East Munster Way
Theres nothing like 4 days of hiding inside from the rain to make you forget all the uncomfortable bits to living outside and out of a backpack. Which means we were tentatively enthusiastic leaving on Tuesday morning when we saw blue sky's and a definite lack of ominous clouds.
There are three walks that all start/end in Clogheen. The Tipperary Heritage Way (completed) goes north to Cashel, the Avondhu Way goes southwest towards Cork, and the East Munster Way goes, well, east to Carrick-on-Suir.
Day 1: Clogheen - Newcastle
We walked from Clogheen up the mountains towards bay Lough (and accidentally went the whole way up to Bay Lough, even though the trail stayed lower. At least the lake is pretty). Feeling silly, we walked back down the mountain, and back onto the trail. Because there are 3 trails zig-zagging around this section of mountain the trails they go along do overlap. The THW and the EMW both follow the same trail east across the Knockmealdowns, and then instead of splitting off towards Golden we kept walking across the sides of the mountains. We walked a lot of forestry paths. It was pretty much all we walked. Some sections of it were really nice, some section were a little dull. Either way, there was plenty of climbing and descending as we skirted river gorges and moved above and below the tree line. One climb brought us to Liam Lynch's memorial. In Ireland when you see a sign for a memorial you don’t know if it’s going to be a knee-high cross with a single sentence, or a whole thing. This one is up there as one of the more interesting and prettier memorials that I’ve seen. A short walled lane brings you over two small streams, the monument itself styled like a round tower at about 8meters tall. Two greyhound statues sat on guard to either side of the shallow steps leading up to it. To the side stood a pulpit.
Afterwards it turned to nicer trail-esque terrain, walking beside sheep fields. The end of the trail section was marked by a very pretty style with an old apple tree shading it, and the ground covered in blossoms.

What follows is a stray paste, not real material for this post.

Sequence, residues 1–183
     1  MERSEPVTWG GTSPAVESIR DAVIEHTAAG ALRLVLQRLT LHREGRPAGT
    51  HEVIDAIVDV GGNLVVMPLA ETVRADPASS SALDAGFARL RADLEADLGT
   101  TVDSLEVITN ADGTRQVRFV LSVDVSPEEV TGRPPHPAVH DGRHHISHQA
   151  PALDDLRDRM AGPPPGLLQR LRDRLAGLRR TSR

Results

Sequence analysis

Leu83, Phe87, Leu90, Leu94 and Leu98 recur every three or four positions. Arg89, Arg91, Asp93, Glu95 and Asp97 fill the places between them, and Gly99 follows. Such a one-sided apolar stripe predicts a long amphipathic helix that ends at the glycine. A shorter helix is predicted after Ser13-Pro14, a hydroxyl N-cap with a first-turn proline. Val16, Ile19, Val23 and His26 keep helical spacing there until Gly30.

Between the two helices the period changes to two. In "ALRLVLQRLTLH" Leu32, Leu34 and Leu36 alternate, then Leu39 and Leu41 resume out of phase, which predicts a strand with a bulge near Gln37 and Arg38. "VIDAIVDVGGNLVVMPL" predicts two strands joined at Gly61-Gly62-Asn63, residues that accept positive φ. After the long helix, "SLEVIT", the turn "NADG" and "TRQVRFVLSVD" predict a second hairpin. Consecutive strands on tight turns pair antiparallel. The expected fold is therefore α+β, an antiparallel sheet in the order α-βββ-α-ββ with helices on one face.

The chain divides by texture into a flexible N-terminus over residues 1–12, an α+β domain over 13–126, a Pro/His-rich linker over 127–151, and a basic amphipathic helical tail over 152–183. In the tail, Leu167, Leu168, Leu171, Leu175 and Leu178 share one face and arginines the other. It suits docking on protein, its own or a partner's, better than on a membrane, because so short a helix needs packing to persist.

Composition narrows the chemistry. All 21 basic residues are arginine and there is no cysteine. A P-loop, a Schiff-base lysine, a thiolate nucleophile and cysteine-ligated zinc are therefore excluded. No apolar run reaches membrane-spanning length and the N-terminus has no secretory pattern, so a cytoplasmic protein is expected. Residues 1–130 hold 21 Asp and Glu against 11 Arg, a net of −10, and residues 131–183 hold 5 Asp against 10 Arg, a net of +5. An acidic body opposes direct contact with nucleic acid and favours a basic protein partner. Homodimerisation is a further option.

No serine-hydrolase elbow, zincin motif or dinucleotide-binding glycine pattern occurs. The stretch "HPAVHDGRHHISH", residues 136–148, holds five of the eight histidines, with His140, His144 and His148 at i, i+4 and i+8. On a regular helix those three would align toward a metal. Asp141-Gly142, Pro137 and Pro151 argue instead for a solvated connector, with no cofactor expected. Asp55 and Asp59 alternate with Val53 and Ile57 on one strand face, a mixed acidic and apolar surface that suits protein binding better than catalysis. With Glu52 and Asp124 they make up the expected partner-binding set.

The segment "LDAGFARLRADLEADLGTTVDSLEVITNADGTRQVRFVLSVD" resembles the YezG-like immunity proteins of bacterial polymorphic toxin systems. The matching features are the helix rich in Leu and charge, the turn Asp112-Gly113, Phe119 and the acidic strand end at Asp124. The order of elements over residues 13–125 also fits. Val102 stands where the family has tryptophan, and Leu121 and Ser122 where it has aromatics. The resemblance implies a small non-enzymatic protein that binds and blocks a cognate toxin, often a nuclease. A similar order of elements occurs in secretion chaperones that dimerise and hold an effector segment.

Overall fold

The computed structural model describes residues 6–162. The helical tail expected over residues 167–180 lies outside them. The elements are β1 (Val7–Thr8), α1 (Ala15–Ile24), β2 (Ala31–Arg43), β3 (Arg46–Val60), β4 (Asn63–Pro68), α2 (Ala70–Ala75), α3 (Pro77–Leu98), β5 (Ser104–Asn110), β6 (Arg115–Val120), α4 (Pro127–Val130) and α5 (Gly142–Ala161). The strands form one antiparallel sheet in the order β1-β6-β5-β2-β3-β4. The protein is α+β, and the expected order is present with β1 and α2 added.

Thankfully part of the road section turned into a track, so wasn't really road walking. That evening we reached the turn for either walking through new castle or continuing on. The "continuing on" section was perfect for camping, so we walked 10 minutes or so into Newcastle, bought food and then walked back out.
Sadly my feet actually got quite sore today. Maybe they got too warm, or maybe just not wearing shoes for four days let my feet relax too much.
Just before we got to the memorial we took a break and lay out in the sun it was so warm. I think we fell asleep for half an hour on the hillside, but it was so nice to feel the heat and be outside again that I ignored the time wasting.
Day 2 Newcastle - Far said of Clonmel campsite
Our campsite last night was on the trail itself where it had once been a road but was now a thin grassy path with no visitors.
We managed to get up at a decent time, and were walking by 8am. Part of the description of this trail was that there were "no long or arduous uphill sections". I be to differ, as we spent the day (and most of the walk) continuously climbing just a little higher and a little further. Our plan for day two was to end it a little past Clonmel along either the river bank or in the forest we would be crossing back into.
After having such perfect sunshine on day one, it was interesting to be walking along and being able to see the rain coming towards you. Whole sections of the mountains were swallowed up as the downpours moved across the landscape. The first time I saw it I thought it looked so cool and powerful. The many times after resulted in groans and the readjusting of jackets, hoods and umbrellas.